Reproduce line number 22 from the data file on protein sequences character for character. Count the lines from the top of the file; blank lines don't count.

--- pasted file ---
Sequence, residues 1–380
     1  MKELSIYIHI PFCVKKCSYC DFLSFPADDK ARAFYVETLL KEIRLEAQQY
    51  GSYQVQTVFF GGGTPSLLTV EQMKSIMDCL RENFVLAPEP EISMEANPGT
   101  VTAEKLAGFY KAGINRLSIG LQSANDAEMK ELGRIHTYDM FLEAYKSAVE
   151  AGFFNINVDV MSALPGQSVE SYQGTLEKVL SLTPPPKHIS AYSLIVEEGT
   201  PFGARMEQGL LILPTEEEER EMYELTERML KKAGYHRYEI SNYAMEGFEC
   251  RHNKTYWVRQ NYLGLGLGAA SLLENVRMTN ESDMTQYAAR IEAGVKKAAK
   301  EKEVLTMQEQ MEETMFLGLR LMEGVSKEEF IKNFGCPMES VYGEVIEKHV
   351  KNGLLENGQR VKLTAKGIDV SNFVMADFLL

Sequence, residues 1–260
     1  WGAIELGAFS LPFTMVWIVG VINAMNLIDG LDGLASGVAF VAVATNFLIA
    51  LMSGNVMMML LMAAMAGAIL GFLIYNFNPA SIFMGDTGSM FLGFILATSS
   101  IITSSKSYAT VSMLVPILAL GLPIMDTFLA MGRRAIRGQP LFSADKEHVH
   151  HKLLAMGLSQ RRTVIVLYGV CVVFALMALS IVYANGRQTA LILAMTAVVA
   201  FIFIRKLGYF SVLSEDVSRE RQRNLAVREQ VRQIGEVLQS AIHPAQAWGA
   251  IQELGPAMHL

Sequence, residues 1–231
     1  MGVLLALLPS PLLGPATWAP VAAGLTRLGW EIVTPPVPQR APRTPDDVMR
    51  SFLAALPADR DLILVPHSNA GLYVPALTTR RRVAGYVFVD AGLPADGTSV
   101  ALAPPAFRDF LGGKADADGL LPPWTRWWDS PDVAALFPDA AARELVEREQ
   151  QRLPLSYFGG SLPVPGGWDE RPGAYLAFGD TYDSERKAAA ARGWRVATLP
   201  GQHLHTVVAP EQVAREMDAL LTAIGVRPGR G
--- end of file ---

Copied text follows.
   201  GQHLHTVVAP EQVAREMDAL LTAIGVRPGR G